The Benefits of Role-play Board Games for Children
When you think about board games you may imagine the stress and turmoil of a good family game of Monopoly or the hurt feelings that happen when someone bumps someone else back to where they started in Sorry, but winner takes all board games aren’t the only type out there, and more and more people are realizing that cooperative gaming is a great way for kids to learn.
Role-play board games are becoming more popular in recent years, even though they’ve been around for decades. You might remember people talking about Dungeons and Dragons as far back as the ’80s and maybe you’ve never played it or aren’t really even sure how it is played. However new interest has been sparked as the geekification of culture has begun, and shows like Stranger Things on Netflix bring back the nostalgia of getting together with your friends and playing an old style RPG (role-playing game).
Role-play board games are usually cooperative. Cooperative gaming is when all players are working together to achieve a common goal. Perhaps you are all on a quest to retrieve a treasure for a king, or working to rid a town of an obnoxious curse. The role-playing part comes in when you all choose a character to play, depending on what game you are playing you may find yourself being an elf, a wizard with magical powers and a list of spells, or even just a regular person with some cool gadgets. The depth at which you develop your character’s backstory and personality is up to you. Many people spend hours just creating a persona to play and they stay in-character throughout the whole game.
There are hundreds of role-playing games made for children to play especially, and others that can be made easier or more difficult for players of all ages and experience levels. Finding the game that fits your family can take some time, so seeking out a game lounge can be a great way to try before you buy. Game lounges usually charge admission per person and let you try any games on the shelf. Often children are admitted at discounted rates, and the lounge itself may have beginner’s sessions where you can learn the ins and outs of the games.
The benefits for children playing role-playing board games are as varied as the games themselves, but for most games, you can expect to see the following benefits.
Most game systems require a GM or Game Master to be the storyteller of the game, presenting not only information about problems to solve, goals to achieve, and puzzles to work but also the set and setting and interactions with non-playing characters or NPCs like townspeople or even talking animals. Listening to these stories to find out details and figure out a path forward can make children better at listening in other situations as well.
Playing a character can help a child explore not just playing pretend, but they can be whoever they want, and manifest motivations for that character leading them to experience situations in a safe place to make mistakes, this can really bolster creative problem-solving in the real world.
A big part of role-playing games are problems that may pop up unexpectedly and create a feeling of unfairness. When you finally banished a dragon and then two more pop up, it can feel frustrating. However, unlike real life where you have to act fast, an RPG gives your child time to slow down, assess the situation, think through their actions and ask questions. This can really help them learn to cope with stress more efficiently and lead to them being calmer when faced with adversity in their day to day life.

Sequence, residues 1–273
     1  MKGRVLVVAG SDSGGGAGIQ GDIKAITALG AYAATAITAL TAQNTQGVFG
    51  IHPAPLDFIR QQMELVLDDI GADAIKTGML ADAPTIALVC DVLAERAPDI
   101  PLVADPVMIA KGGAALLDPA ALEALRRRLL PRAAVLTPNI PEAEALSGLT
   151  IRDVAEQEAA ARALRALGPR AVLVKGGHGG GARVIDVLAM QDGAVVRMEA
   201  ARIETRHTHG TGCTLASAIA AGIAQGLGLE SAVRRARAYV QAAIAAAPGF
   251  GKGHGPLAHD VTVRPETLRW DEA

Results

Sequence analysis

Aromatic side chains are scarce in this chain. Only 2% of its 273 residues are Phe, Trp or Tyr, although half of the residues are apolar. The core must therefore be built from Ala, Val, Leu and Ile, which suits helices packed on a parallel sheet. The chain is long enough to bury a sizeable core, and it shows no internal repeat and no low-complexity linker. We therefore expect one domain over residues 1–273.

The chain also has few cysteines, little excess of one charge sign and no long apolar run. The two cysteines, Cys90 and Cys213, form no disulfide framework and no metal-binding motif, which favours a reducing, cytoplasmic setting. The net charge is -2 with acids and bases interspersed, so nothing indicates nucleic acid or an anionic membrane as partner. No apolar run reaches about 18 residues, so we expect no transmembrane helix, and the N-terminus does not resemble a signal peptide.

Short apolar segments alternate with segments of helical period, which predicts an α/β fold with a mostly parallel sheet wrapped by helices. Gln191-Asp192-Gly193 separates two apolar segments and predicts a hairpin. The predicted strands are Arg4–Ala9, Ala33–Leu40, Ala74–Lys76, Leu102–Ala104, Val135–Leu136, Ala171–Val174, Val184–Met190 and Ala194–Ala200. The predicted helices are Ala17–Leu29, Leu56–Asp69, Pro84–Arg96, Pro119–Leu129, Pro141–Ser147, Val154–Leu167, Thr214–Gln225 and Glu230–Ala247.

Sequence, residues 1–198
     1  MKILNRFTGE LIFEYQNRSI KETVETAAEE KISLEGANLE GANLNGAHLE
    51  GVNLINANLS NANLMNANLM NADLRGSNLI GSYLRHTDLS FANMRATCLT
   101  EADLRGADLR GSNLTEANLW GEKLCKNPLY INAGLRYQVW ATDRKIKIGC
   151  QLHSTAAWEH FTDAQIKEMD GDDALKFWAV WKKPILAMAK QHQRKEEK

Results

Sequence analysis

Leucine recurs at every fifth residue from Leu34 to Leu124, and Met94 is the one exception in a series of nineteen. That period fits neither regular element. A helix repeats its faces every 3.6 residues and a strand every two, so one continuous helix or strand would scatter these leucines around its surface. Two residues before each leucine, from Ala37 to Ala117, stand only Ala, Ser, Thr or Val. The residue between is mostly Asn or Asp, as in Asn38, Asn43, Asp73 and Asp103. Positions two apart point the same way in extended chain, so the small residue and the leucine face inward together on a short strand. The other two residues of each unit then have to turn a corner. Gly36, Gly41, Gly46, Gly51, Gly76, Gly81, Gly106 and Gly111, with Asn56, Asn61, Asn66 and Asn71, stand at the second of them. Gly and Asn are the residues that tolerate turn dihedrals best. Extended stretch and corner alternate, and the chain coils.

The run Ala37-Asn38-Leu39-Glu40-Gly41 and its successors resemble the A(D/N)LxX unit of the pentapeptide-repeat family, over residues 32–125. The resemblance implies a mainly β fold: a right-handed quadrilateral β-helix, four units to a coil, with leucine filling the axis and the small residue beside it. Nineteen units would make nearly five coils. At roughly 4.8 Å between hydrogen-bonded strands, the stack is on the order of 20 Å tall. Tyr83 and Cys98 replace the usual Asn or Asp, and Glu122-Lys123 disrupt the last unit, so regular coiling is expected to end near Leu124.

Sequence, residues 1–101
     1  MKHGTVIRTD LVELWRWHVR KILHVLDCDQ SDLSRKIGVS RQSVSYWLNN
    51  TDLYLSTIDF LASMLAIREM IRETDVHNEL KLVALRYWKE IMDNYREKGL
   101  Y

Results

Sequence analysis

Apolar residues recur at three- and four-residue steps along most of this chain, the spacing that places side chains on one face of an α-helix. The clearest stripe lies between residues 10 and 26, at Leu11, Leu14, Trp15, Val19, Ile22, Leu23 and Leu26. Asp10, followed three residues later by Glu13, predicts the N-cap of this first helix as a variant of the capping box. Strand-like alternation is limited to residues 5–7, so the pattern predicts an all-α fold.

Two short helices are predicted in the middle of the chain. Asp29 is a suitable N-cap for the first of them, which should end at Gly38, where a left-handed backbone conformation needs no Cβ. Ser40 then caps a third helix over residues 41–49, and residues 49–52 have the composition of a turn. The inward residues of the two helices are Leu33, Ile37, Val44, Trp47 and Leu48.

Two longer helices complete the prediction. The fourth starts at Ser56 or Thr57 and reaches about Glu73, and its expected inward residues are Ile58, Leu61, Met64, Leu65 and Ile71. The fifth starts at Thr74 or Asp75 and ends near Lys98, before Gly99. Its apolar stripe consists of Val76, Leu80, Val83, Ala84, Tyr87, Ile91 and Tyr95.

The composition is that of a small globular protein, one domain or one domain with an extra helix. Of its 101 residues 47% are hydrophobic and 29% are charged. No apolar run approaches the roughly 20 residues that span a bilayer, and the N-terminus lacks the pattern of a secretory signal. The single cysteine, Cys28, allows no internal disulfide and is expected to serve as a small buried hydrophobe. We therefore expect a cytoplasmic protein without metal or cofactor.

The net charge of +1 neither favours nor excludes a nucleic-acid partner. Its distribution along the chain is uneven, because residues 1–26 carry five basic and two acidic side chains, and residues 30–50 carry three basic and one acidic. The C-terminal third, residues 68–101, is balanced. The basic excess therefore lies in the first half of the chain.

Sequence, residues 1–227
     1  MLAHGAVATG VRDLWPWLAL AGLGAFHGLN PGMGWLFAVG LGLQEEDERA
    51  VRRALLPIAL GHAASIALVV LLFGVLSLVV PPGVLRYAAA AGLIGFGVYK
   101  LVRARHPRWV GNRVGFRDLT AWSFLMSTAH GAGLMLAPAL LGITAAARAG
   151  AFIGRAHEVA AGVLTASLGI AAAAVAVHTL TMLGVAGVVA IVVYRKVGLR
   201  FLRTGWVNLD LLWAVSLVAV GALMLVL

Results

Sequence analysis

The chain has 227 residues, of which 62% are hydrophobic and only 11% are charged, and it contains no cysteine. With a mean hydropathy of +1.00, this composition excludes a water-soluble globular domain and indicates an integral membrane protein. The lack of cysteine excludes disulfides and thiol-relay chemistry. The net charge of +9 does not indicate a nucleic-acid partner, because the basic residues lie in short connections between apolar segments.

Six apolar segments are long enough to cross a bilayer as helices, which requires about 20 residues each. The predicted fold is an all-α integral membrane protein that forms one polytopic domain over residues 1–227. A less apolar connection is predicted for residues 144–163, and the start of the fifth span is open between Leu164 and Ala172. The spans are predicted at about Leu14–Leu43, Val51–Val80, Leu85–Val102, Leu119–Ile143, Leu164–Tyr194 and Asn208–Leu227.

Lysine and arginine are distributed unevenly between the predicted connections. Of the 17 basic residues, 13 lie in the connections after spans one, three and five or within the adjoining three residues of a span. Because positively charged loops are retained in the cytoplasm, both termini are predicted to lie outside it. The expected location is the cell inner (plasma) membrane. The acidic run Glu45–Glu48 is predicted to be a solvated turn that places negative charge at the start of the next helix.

Being the hero is the name of the game, and working through sticky situations by using your traits and skills to help achieve a goal can lead kids to feel capable and confident in their decision-making skills and feel like they are competent to face many obstacles.
Depending on the game, you may encounter some basic math skills like adding and subtracting or learning about ratios and odds. These quick bits of math are nearly painless in the grand scheme of things, making extra math practice fun and entertaining.
Unlike “in it to win it” games where everything is a zero-sum situation, playing a role-playing board game gives you not just the responsibility but the freedom to work together. Learning to accept help and to be helpful is a great way to make the game go smoother for everyone involved and learning teamwork is a needed skill in all of life.
When your teammate gets hurt in the game or when you see someone trying very hard only to be beset by circumstances, it can help foster empathy and care. Because everyone is on the same team and working towards the same goal shared emotion through victories and setbacks are common. Learning to work with what you have and recognize everyone’s contribution to success is a strong lesson in treating others well and appreciating people for who they are.
Problem-solving and critical thinking are 21st-century skills that everyone needs to develop, and there’s not a more fun way to learn how to assess a situation, figure out your assets and needs than playing a role-playing game. Learning to make a plan and enact it even when things don’t go as expected will serve your child well.
Reading and Writing
Looking up spells, comparing stats, or even just reading more about the character classes and attributes in the game can be an excellent way to motivate a child to learn more about how to use reference books, how to pull information out of them and put it into action. Writing down your character traits and trading notes during the game are easy and low-pressure ways to incorporate more practice in reading and writing.
Choosing a role-playing game can feel intimidating at first, especially if you haven’t played before, but you should be able to find a group in your community that will help you get started.